These are just like "regular" sit-ups, only instead of bringing your head straight up with each repetition, you are alternating bringing your right elbow towards your left knee, and your left elbow towards your right knee.

15 push-ups

50 'chair-lift' sit-ups
These are great sit-ups for developing the oft-neglected upper abs. Most sit-ups tighten the lower four-pack of muscles, while this type of exercise places more emphasis on the upper four muscles in the abdominal region.

Lying on your back, lift your legs off the ground in a 90-degree angle as if you are sitting in a chair (only the chair is flat on its back). Again, placing your hands behind your head, slowly raise your head straight up toward the ceiling (unlike the previous sets, do not curl your head toward your knees, but rather reach your head up toward the sky, directly above you). If you do this correctly, it will feel different than the previous sit-ups, because you are working a different set of abdominal muscles.

15 push-ups

50 'bicycle' sit-ups
"Bicycles" are not exactly sit-ups, but they work the abdominals just as well, if not better, than traditional stomach curls. It is important to do these correctly, in a slow and controlled repetitive motion, to get the most out of the exercise.

Lying on your back, bring your feet up off the ground as if you are beginning a set of chair-lifts. With your hands behind your head, bring your left elbow toward your right knee and then your right elbow towards your left knee, while constantly moving your legs in a "cycling" motion.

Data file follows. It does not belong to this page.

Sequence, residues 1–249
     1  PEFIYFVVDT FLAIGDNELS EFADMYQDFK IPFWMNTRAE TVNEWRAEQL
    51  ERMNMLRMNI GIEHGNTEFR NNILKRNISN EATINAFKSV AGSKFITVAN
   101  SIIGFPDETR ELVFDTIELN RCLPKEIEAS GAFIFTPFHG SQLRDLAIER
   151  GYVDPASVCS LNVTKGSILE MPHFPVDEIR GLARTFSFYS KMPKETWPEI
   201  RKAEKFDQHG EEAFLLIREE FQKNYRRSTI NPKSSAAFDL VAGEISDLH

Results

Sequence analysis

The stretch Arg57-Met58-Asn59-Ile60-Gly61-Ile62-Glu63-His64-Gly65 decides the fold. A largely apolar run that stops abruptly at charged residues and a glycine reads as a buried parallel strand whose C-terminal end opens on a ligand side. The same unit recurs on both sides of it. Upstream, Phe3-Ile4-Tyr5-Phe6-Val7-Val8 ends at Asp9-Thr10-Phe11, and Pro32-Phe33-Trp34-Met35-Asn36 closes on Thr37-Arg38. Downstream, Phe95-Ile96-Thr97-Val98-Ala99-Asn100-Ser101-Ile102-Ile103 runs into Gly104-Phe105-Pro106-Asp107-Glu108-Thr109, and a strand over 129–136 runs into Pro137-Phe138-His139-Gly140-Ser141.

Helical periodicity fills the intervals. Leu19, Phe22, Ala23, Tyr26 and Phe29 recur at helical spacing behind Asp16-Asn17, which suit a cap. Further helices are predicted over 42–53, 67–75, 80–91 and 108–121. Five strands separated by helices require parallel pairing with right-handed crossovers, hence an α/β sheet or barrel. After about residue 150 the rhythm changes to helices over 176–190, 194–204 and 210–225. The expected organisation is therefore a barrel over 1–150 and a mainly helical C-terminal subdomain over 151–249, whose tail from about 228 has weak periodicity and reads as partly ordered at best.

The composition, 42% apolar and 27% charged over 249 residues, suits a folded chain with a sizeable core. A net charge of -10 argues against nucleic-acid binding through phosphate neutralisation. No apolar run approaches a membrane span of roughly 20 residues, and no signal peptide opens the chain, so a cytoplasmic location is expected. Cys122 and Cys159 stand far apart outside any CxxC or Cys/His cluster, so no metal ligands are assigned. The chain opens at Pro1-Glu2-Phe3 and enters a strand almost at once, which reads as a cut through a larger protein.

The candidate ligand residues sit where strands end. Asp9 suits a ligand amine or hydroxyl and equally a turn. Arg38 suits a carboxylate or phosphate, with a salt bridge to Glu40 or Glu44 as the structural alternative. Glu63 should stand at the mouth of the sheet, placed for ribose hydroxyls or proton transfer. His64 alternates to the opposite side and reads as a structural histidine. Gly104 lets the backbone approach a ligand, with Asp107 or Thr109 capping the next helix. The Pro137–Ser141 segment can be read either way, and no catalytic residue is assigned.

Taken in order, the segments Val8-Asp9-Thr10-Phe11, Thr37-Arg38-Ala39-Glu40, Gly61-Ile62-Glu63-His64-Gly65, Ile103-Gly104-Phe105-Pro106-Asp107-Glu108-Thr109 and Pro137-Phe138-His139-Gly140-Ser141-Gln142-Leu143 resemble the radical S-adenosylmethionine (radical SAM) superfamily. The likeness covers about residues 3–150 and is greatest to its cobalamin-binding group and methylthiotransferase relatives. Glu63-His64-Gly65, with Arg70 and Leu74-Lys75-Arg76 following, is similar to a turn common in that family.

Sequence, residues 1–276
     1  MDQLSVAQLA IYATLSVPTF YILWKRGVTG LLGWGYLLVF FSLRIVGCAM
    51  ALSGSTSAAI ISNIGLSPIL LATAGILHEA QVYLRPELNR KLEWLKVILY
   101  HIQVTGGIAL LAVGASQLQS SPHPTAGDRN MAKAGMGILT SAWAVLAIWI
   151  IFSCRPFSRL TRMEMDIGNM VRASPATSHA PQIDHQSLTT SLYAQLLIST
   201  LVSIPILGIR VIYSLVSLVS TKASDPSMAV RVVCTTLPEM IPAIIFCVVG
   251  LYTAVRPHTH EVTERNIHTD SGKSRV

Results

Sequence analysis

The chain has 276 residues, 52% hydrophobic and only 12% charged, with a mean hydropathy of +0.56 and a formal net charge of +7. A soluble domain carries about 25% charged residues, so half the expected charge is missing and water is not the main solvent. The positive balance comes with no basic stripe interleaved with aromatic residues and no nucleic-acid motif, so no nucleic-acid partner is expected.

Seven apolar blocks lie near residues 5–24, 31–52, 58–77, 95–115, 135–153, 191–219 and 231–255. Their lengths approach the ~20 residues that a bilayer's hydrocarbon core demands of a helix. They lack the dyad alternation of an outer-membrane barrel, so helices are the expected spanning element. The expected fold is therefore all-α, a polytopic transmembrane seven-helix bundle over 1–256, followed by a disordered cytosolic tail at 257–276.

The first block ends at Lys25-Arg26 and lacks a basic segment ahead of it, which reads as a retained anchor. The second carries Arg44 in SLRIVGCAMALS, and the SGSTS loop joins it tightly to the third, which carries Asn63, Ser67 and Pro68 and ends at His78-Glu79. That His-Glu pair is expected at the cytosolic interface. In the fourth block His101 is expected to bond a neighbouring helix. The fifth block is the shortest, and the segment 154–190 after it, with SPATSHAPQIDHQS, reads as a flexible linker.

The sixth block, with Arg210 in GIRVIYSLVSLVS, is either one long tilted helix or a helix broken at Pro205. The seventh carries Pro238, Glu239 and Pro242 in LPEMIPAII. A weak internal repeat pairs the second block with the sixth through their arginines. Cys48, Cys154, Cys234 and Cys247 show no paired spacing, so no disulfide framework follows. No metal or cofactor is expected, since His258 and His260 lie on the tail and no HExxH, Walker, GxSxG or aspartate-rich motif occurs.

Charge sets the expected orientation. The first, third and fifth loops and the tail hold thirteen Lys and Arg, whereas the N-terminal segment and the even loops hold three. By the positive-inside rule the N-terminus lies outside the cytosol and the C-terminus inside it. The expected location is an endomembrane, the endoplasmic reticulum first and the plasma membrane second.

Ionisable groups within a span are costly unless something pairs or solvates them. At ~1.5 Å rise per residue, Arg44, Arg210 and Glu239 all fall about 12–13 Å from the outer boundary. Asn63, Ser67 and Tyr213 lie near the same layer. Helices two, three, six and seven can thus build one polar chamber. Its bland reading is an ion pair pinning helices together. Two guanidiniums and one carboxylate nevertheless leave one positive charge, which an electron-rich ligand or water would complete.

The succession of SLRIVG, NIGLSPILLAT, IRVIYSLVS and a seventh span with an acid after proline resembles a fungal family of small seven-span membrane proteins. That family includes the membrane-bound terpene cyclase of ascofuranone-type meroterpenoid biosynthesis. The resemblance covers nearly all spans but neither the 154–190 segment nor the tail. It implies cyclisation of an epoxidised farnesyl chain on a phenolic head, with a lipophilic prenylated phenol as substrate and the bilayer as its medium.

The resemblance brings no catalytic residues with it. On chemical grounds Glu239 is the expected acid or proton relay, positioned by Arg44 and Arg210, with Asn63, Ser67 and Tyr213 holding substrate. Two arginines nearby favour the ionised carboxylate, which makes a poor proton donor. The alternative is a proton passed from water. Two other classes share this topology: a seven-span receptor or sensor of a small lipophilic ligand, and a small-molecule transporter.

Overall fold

Rather than a series of repetitive motions like the previous sets of sit-ups, "bicycles" are a smooth, continuous motion as you "cycle" your legs while twisting your spine left-to-right, alternating elbows-to-knees. Count 50 controlled rotations, then relax. Or you can time yourself for a minute, executing the motion slowly and methodically. This is the hardest abdominal drill, which is why it is last in the workout.

End with:

15 push-ups

Upon completion of this dry-land set, your stomach muscles should be burning and an overall tightness in your abdominals will be apparent. With the holidays looming and workout time scarce, this simple set of drills can be done anywhere, anytime. On a hotel room floor in the morning before your shower, or prior to a scheduled workout, for example.

It only takes 20 minutes, but consistently doing this short workout every other day is a great way to strengthen these oft-neglected stomach muscles.

The result will be better form in the pool and a leaner post-holiday waistline. Who wouldn't want that?

The mission of Team Beachbody is to motivate you and to educate you about health, fitness and nutrition and the benefits of maintaining a healthy lifestyle.
Click here to learn more about Team Beachbody Coach Rich Dafter.


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Team Beachbody Coach Rich Dafter

I'm Rich Dafter - full time dad, life-long runner, Team Beachbody Coach and Polar Global Ambassador. By the Grace of God, I have been able to raise my kids working from home by helping people get healthier, fitter and have better quality of life with free coaching.